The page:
Call: As go the Maldives, so goes the world
By Ian Bremmer Three years ago, I wrote a book called The J Curve: A New Way to Understand Why Nations Rise and Fall. The J curve is a visual representation of the relationship between a country’s "stability" and its "openness." Stability is a measure of a government’s ability to weather a crisis. Openness is ...
By Ian Bremmer
Three years ago, I wrote a book called The J Curve: A New Way to Understand Why Nations Rise and Fall. The J curve is a visual representation of the relationship between a country’s "stability" and its "openness." Stability is a measure of a government’s ability to weather a crisis. Openness is a measure of the extent to which ideas, information, people, money, goods and services flow freely across a state’s borders and within the country itself.
Some states (North Korea, Iran, Cuba, and others) are stable only because they’re relatively closed. In these countries, a governing elite works hard to isolate citizens from the outside world — and, where possible, from one another. Other countries (Canada, Italy, India, Germany, the United States, Japan, Norway and dozens of others) are stable precisely because they’re open.
When a country that is stable only because it is closed finally begins to open up, it slides down the left side of the curve toward the dip in the J, a point of maximum instability. You can’t move from left (closed) to right (open) along the J without passing through that dip. In the real world, that means that if relatively closed countries like Saudi Arabia, Uzbekistan, or Burma decided to open up a bit by holding genuinely free and fair national elections with full coverage in local media, they would almost certainly reap the whirlwind. That’s why the governments of closed states work so hard to keep them closed.
Which brings us, of course, to the Maldive Islands.
The Republic of Maldives is best known as an absurdly beautiful string of pearls adorning the Indian Ocean about 400 miles southwest of Sri Lanka. It’s a nation composed of more than a thousand small islands in danger of slipping beneath the waves as global warming raises sea levels.
Last weekend, the country’s foreign minister, Dr. Ahmed Shaheed, discussed The J Curve during an interview to illustrate why his former political party, the Dhivehi Rayyithunge Party (DRP), will plunge the country into chaos while his new party, the Dhivehi Qaumee Party (DQP), will help the country avoid this risk. Here’s an excerpt of what he said:
"The J-Curve … speaks of countries which are autocratic and undemocratic and when they democratize, they go through a J-Curve and you go through a little dip. That dip is when things are unstable and things are a bit chaotic but then you eventually improve to become more stable.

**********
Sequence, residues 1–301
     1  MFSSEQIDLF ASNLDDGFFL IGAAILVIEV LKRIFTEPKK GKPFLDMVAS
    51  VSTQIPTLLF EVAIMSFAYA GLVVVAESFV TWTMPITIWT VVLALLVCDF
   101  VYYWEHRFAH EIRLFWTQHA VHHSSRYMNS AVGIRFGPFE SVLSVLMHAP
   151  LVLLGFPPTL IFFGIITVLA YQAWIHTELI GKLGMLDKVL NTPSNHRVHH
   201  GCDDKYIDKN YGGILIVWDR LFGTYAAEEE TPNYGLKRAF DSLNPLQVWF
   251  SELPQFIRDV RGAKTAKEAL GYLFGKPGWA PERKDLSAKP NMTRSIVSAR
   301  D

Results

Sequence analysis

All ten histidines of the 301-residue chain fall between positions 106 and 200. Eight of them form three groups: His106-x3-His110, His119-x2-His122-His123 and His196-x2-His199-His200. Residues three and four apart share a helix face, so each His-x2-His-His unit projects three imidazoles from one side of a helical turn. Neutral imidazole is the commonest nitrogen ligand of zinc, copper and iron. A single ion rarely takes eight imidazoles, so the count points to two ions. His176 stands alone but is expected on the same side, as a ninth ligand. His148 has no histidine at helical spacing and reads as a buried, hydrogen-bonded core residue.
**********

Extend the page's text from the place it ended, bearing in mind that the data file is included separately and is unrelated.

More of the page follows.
So we are in an unstable period. The danger is in some countries, they move back towards the left and go straight back to autocracy. So if DRP comes back in we’ll go back towards the left of the curve. And we can forget about democracy for the next 30 years because they will tell us that democracy produced a government that didn’t work.
I cite this comment for two reasons. First, it’s kind of gratifying to have a country’s foreign minister like your work — and help make an argument that you believe in. Second, and more to the point, though I don’t entirely share Dr. Shaheed’s view that an authoritarian country can’t become more open to the rest of the world (so far so good for China), he’s making a point that applies awfully well to the risks that the global financial crisis now poses for dozens of countries around the world.
Worsening economic conditions have exacerbated pre-existing political problems in Russia, Ukraine, Pakistan, Turkey, Mexico, Argentina and many other countries. All these states have begun to slide toward the dip in the J curve and the turmoil it represents. And all those who hold political power in these countries must decide how their governments should respond. They can hunker down, build new walls, and favor near-term stability at the expense of investment in longer-term prosperity. Or they can double down on the power of free markets and international trade to expand their economic horizons and continue to engage with other governments in finding solutions to seemingly intractable common problems.
There is nothing inevitable about globalization’s progress. There are plenty of political officials around the world, insecure in their positions, with obvious motives to advance populist/nationalist/protectionist arguments at the expense of trade, foreign investment, and immigration. But if a state’s leaders and lawmakers turn their backs on the increasingly free exchange of ideas, information, people, money, goods and services, its citizens — and the global economy — will only be the poorer for it.
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